Arab businessmen flock to Yiwu, turning it into a modern Silk Road trade route between China and the Middle East.
Some Arab traders call China home
YIWU, CHINA // Remove the big neon Chinese characters on the restaurant and shopfront signs and you could be in Dubai. Dice rattling across backgammon boards, loud Arabic chatter and the sweet smell of shisha smoke fill the humid evening air and a presenter in a dishdasha from one of the Gulf channels looks sternly out from the TV screen mounted on the street. But this is Yiwu, a city of about two million people - small by Chinese standards - a four-hour train ride south-west of Shanghai.
Entrepreneurial Arab businessmen have poured into Yiwu, sourcing cheap goods in the city's bustling wholesale markets to sell back in their home countries and turning it into a modern Silk Road trade route between China and the Middle East. Many are young men who are putting down roots in Yiwu, making it home to the biggest Arab population in China. They set up companies to help visitors ship goods back home and send their children to local schools, where they become fluent in Chinese.
"In 2000, there was no Muslim community here at all. Then Arabs as well as Afghans and Pakistanis started coming. Islam is getting big here now," said Mohammed Abdullah, a 33-year-old Chinese who is imam at the large Yiwu mosque, built four years ago in response to the city's growing Muslim community. There are few statistics but locally based Arabs said there are several thousand Arabs living permanently in Yiwu and running about 350 small companies, with tens of thousands more visiting each year for periods ranging from just a few days to several months to purchase locally manufactured products. Particularly popular are electronic goods, clothing, beauty products and accessories for cars.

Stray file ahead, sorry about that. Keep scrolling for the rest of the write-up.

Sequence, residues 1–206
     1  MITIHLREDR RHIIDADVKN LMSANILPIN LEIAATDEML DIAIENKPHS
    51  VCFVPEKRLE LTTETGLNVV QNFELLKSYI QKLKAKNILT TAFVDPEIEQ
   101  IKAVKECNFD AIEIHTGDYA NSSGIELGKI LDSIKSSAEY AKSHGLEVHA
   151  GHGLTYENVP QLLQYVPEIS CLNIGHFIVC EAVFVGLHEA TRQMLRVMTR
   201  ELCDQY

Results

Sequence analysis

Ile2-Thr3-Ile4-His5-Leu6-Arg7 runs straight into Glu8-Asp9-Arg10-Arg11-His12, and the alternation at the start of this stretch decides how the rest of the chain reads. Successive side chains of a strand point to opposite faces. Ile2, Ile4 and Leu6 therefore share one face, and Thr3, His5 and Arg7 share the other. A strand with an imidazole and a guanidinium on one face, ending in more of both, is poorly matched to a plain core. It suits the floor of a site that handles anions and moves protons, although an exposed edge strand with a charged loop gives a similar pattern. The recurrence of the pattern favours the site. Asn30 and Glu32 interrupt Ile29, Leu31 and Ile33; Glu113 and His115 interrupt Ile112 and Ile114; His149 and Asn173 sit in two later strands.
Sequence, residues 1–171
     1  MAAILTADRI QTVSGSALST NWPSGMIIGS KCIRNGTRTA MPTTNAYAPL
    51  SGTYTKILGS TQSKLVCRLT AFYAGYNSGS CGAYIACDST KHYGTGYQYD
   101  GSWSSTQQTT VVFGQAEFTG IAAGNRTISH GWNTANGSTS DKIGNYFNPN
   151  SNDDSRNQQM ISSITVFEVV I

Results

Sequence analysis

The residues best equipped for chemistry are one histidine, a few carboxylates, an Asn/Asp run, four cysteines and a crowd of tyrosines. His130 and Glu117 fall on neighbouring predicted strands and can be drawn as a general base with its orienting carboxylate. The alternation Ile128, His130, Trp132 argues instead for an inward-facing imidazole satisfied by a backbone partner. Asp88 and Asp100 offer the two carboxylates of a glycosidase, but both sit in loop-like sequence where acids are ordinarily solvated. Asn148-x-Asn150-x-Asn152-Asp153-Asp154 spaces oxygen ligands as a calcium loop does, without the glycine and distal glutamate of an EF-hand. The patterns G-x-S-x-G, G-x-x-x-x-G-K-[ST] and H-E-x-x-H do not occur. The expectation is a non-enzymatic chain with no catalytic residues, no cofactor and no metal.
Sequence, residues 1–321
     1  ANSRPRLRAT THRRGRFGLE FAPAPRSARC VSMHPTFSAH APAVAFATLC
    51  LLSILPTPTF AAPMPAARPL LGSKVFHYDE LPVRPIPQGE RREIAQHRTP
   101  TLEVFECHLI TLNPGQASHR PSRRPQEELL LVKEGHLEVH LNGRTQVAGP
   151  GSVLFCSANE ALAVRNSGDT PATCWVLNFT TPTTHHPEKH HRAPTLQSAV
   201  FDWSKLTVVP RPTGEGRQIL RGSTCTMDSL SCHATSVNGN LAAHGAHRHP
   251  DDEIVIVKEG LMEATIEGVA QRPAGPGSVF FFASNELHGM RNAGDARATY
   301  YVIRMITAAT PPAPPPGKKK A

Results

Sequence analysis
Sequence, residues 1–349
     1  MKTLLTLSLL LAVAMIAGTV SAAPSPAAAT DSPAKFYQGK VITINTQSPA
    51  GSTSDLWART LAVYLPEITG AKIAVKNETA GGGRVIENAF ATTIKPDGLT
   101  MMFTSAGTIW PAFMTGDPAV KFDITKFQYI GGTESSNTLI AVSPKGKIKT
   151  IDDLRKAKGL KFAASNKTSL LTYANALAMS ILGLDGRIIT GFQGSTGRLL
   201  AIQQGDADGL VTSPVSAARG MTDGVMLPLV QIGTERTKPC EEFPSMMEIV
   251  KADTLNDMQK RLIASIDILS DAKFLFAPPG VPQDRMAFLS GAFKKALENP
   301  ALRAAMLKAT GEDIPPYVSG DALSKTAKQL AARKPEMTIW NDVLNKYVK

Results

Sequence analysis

About 7,000 Muslims worship in his mosque every week, the imam said, most of whom are from overseas. Provision has also been made for a temporary mosque in the Futian Market, the city's biggest market, so Muslims can worship with minimum disruption to their commerce. "We give the sermons in a mixture of Chinese and Arabic. The Arabs can speak Chinese pretty well, although few can read or write it. Not so many Chinese speak Arabic," Mr Abdullah said.
One of the first Arabs in China was Asad al Ali, 33, from Baghdad, who arrived in 2000 and now lives with his wife and newborn child in Xixi in Fujian province. He was visiting the Binyang clothing market in downtown Yiwu, checking prices for baby clothes with the Chinese traders manning the small booths. There are about 20 markets in Yiwu, with a total of more than 300,000 kiosks. "I had no big plan - I just wanted to make money. I had no translator. If I liked something I just bought it and then sold it in Iraq," he said.
"The Chinese people have very good hearts. I've never had a problem here and I have many Chinese friends," said Mr Ali, who speaks fluent Chinese. Iraqis make up a significant number of the Arabs living in Yiwu. Among them are Qusay Suheib, 22, and Saif Bassam, 20, both from Mosul, who work in shipping. Mr Suheib joined his father, who had been travelling to China for more than 30 years, in Yiwu three years ago and speaks fluent Chinese. He married his Iraqi wife here six months ago. His sister, Aisha, 8, goes to a private school in Yiwu and speaks, reads and writes Chinese as well as the local Chinese children, he said.